We do have an extraordinarily high top corporate-tax rate — on paper, anyway. Our statutory top corporate rate is among the highest in the world, but the corporate tax code is a welfare program. You know how basically every president at every State of the Union address announces a special plan to encourage U.S. manufacturing or green energy or something like that? Those end up as exemptions and deductions in the corporate tax code, which, along with other tax-code favoritism, is why companies such as General Electric sometimes pay no taxes even in years in which they seem to be making a great deal of money. The effective corporate tax rate — what corporations actually pay — in the United States is not especially high, and it’s low if you have the right friends in Washington. The fact that corporate taxes vary so much from company to company and industry to industry is not an accident — the code is designed that way on purpose. It gives big powerful market incumbents a way to disadvantage potential competitors while giving power-brokers in Washington the power to make or break entire industries.


We conflate statutory tax rate with actual- those rates after deductions,credit, and loopholes you obtain through lobbying and political connections. The greater this difference the greater the government is influencing and polluting market decisions.

Limits of Government Power

Mark Lilla is a committed  Democrat who admonishes his party for the its descent into Identity Politics in The Once and Future Liberal- After Identity Politics 

But every catechism tends over time to become rigid and formulaic, until it eventually becomes detached from social reality. Which is exactly what happened to American liberalism in the 1970s. To the principle that collective action to serve the public good was legitimate, it added the profession of faith that taxes, spending, regulations, and court decisions were always the best way to accomplish this. By the 1980s there were countless reasons to question the assumption that government knew what it was doing and could be trusted to do it—Vietnam, Watergate, impotence in the face of stagflation, and more. Too many programs were introduced in the Great Society, too quickly and with rhetoric so elevated that it created exaggerated expectations, which resulted in inevitable disappointment. Frustratingly, none of these programs seemed capable of reversing the decline of big cities and the expansion of the welfare rolls. And some programs clearly made matters worse. Compounding the problem was that liberals refused to speak about the new culture of dependency, or about the tremendous rise in violent crime in the 1960s, most of it having nothing to do with drug offenses.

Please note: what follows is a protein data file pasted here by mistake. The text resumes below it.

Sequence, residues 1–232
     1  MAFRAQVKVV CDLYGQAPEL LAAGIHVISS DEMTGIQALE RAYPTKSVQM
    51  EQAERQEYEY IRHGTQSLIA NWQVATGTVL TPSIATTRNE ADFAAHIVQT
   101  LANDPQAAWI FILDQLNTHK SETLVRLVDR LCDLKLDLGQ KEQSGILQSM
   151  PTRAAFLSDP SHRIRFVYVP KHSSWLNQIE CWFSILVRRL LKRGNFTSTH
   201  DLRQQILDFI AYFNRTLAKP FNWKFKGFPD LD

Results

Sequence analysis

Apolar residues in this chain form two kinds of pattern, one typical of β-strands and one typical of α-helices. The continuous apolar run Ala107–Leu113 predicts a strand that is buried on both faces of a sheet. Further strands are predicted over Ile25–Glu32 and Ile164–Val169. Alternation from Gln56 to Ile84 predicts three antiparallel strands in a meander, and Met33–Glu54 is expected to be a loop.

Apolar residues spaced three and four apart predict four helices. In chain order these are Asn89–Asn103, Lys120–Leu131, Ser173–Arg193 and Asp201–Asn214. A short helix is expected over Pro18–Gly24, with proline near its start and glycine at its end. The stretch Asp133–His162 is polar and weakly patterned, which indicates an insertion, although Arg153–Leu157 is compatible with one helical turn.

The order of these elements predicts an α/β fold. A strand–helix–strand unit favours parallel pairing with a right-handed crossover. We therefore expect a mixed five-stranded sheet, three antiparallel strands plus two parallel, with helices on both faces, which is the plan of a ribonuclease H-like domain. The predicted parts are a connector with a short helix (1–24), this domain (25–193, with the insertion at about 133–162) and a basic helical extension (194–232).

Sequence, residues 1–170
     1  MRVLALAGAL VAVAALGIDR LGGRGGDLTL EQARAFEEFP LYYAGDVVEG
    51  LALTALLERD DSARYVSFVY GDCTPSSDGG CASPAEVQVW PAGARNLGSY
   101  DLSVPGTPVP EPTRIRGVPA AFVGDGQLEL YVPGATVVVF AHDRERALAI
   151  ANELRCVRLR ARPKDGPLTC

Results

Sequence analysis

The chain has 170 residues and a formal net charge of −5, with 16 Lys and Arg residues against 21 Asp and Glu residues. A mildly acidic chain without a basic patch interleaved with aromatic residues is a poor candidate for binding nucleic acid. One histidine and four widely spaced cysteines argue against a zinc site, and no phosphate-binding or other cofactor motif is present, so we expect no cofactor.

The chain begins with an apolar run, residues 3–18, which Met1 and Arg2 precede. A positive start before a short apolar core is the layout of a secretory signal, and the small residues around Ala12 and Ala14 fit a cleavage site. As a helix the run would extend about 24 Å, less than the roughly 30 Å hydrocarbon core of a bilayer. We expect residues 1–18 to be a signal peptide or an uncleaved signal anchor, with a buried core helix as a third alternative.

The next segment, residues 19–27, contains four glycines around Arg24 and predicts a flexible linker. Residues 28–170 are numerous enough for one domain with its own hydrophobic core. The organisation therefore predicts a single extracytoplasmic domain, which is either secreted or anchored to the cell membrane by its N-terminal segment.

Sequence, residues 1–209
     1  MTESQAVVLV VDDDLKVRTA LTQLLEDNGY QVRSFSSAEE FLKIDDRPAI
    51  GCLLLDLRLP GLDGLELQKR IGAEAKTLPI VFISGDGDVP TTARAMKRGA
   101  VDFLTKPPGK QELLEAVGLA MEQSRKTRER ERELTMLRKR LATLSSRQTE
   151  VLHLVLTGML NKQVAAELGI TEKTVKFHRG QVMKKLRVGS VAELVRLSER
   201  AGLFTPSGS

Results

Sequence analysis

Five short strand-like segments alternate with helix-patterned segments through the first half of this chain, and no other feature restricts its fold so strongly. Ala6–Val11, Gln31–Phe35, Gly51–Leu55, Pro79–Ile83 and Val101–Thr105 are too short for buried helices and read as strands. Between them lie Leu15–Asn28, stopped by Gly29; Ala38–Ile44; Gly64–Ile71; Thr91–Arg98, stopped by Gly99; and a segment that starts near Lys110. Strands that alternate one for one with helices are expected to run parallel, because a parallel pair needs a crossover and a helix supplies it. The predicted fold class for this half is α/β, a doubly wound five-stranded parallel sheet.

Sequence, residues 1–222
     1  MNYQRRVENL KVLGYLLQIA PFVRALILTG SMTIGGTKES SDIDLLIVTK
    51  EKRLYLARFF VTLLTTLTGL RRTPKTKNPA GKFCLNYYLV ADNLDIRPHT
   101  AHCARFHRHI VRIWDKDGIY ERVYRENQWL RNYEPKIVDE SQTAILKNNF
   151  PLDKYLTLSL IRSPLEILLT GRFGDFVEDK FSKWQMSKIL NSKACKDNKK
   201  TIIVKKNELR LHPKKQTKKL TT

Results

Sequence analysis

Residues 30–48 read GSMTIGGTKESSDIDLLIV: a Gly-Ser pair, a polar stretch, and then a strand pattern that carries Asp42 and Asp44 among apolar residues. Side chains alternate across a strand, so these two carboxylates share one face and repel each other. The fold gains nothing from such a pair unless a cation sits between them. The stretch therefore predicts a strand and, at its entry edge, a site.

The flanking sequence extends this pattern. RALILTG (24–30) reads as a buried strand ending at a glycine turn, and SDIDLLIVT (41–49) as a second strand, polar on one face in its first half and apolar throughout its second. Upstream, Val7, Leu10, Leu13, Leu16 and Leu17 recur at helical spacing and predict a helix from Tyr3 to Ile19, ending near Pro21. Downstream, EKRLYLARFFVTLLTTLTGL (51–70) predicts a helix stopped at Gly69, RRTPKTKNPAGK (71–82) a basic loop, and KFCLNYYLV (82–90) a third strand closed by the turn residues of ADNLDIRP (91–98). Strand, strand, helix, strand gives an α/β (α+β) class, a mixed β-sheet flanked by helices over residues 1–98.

Lilla refers to a moderation that is missing from the Democratic platform. while we can realize the limits of free markets we mist also realize the limits of government power

Sanctimonious Abuse of Power

from Kimberly Strassel at the WSJ, Comey’s Secret Power:

Mr. Comey’s meddling has never seemed to stem from some hidden partisan impulse, but rather from an overweening self-righteousness. But power can be misused as much in the hands of the sanctimonious as the corrupt. And it’s overdue for congressional investigators to get to the bottom of precisely how much power Mr. Comey was exercising.


We remain confused trying to figure out Comey’s objective. Was he trying to help Hillary or sink her? Did his efforts succeed or backfire? Will his dismissal reflect well or poorly on Trump? Comey should be thoroughly investigated. Strassel suggests we err in assuming a partisan impulse.